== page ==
Switzerland’s Lonza last month said it had whittled down a shortlist of bidders for its specialty ingredients business. Now, with buyers in place, the CDMO is in line for a big payout in the second half of the year.
Lonza has agreed to sell off its specialty ingredients business to Bain Capital and Cinven for a whopping 4.2 billion CHF ($4.7 billion). The move should give the company some breathing room to focus on its Pharma Biotech & Nutrition segment, currently tapped in the manufacturing push for Moderna’s mRNA vaccine and AstraZeneca’s experimental COVID drug—plus, a hefty chunk of change to accelerate its own plans.
If the deal closes in the second half of the year as expected, Lonza will hand over the entirety of the business and operations, which comprises 17 global manufacturing sites and some 2,800 employees. The unit cranks out anti-dandruff ingredients, hygienic solutions for commercial launderers, disinfectants and more.
The business also performs custom development and production of specialty chemicals and composites for the electronics, aerospace, food and agrochemical fields. The parties say they expect the transition to be seamless for customers and employees alike.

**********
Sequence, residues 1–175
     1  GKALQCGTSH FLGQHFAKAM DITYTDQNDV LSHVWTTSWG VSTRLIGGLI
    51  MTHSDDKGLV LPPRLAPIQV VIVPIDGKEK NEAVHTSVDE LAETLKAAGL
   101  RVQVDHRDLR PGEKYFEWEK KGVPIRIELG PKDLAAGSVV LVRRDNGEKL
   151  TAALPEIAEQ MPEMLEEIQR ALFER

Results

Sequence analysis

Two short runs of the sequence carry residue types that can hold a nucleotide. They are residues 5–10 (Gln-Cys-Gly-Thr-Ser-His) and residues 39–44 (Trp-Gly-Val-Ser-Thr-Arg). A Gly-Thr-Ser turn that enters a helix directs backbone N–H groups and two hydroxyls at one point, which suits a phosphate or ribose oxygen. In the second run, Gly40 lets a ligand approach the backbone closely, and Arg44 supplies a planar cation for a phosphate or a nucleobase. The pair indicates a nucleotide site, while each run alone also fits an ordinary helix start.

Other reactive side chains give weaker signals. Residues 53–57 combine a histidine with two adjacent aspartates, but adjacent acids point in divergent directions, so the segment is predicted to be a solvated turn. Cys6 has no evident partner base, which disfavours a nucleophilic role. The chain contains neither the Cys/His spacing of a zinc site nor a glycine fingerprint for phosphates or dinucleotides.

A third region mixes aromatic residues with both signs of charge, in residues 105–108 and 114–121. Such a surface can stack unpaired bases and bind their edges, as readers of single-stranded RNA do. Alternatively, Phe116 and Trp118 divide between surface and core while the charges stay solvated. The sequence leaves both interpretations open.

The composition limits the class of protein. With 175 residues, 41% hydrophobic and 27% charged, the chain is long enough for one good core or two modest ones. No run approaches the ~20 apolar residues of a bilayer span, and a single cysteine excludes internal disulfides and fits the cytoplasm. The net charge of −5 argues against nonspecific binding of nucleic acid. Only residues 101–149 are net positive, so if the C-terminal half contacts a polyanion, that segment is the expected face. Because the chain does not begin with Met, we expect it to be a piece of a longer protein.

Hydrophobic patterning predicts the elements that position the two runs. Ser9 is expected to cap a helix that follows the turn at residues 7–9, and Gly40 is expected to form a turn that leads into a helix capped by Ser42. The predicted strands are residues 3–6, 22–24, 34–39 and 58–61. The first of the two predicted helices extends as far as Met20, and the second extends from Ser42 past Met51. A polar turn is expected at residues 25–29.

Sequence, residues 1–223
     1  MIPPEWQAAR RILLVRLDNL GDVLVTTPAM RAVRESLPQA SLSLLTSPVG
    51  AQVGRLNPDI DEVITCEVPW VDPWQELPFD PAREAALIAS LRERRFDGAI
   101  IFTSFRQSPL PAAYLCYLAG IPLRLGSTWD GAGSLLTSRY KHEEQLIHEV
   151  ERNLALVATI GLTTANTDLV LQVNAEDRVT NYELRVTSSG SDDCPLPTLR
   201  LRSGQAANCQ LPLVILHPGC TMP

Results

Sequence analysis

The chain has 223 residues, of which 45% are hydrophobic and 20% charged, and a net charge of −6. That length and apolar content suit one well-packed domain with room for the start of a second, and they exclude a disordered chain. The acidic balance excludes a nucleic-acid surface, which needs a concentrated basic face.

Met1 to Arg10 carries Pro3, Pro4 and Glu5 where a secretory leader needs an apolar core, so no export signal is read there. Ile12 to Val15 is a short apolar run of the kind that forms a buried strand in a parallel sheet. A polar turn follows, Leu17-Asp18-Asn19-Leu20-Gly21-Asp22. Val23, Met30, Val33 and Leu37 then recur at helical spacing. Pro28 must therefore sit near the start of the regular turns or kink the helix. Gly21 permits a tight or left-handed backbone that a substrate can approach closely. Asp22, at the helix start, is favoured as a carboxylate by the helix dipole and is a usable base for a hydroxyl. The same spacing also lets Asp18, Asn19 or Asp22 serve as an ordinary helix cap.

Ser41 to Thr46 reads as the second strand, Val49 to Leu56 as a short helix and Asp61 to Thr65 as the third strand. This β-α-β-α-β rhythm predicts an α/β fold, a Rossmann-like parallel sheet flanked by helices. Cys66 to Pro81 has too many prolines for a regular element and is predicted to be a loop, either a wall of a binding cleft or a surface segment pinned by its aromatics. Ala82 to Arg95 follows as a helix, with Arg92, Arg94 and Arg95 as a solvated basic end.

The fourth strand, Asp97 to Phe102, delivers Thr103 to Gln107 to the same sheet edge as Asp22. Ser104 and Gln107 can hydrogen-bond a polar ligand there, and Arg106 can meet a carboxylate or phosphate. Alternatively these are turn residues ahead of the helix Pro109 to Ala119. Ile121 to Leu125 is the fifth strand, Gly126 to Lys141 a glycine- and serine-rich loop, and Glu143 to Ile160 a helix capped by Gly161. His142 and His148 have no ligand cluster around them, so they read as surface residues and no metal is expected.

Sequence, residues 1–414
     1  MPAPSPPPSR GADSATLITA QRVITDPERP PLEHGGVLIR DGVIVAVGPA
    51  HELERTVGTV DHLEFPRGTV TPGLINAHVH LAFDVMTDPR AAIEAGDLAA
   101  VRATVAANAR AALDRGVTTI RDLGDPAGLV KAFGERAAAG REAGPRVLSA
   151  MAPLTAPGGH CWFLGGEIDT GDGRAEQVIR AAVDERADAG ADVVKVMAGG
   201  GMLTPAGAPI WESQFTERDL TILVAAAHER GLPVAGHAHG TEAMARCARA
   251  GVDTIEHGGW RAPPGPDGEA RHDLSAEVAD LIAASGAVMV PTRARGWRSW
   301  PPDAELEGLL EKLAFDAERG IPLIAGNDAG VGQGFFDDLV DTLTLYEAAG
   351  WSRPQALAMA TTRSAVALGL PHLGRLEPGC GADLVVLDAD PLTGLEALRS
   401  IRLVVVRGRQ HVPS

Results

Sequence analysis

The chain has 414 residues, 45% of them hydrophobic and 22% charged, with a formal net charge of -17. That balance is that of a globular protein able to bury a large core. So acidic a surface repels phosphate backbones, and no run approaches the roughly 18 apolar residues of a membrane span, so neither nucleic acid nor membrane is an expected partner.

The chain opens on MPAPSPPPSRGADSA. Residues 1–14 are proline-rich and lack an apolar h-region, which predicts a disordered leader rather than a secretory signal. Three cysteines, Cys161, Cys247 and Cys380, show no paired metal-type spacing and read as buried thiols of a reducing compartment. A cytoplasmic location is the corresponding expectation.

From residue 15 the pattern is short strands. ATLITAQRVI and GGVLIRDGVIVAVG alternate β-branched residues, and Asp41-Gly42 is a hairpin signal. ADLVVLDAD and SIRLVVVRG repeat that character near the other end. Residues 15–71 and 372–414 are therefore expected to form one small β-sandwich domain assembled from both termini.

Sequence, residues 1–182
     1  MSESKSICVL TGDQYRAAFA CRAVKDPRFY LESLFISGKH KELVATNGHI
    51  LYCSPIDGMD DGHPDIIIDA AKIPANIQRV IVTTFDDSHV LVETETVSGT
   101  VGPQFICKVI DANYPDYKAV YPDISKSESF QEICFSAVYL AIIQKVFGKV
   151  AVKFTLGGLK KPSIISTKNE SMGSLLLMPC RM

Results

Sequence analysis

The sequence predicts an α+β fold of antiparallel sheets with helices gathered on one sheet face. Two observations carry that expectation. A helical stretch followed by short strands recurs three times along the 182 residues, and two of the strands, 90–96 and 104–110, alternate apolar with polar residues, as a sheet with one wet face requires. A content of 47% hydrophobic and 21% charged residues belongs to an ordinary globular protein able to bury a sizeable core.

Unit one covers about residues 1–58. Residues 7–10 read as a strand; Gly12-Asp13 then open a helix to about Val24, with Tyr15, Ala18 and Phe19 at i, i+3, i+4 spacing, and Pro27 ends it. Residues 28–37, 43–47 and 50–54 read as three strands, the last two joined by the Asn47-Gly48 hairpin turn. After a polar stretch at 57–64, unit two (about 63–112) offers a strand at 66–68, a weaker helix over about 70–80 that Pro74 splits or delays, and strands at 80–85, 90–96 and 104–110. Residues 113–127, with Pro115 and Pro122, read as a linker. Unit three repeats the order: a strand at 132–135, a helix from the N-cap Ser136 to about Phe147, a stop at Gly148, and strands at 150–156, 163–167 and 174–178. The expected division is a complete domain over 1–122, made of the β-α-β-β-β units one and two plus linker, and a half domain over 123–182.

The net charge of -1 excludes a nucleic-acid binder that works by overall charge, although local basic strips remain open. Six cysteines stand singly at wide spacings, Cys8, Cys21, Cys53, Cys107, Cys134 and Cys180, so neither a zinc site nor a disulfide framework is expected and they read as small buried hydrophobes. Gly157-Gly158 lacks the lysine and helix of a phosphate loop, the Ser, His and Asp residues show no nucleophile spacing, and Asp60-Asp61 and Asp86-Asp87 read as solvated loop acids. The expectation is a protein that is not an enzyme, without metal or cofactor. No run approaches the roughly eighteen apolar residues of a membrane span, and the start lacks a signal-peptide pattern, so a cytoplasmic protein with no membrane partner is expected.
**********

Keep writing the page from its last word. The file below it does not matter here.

“The sale of the Specialty Ingredients business will allow Lonza to focus on its position as a leading partner to the healthcare industry, and the free cash flows resulting from the sale will allow us to accelerate our strategic priorities,” Albert Baehny, chairman of Lonza, said in a statement.
The focus now, once Lonza is unshackled from its ingredients business, is to become a “pure-play partner to the healthcare industry,” the company said.
A specialty ingredients cast-off had been part of Lonza’s plans for some time, but it isn’t the CDMO’s first slim-down this year: The company in January said it would sell a pair of French and Scottish plants to British CDMO NextPharma. Both facilities produce lipid-oral dose drugs as liquid-filled hard capsules and softgels. With news of the upcoming divestment, Lonza added that it was exiting the pharma market for both products—though it said it would continue to make Licaps-branded lipid capsule products for nutritional and consumer health customers.
Meanwhile, the company last year established itself as one of the manufacturers to beat in the fight against COVID-19, courtesy of a 10-year production pact for Moderna’s mRNA-based vaccine. Lonza is also on deck to produce Humanigen’s COVID-19 antibody lenzilumab, as well as AstraZeneca’s experimental antibody AZD7442.
That work, coupled with Lonza’s non-COVID manufacturing duties, helped the company gin up 4.5 billion CHF ($5 billion) in 2020, marking a 12% jump over its 2019 revenue haul. Performance was largely buoyed by the company’s Pharma Biotech & Nutrition segment, which itself delivered 12.2% sales growth, the company said.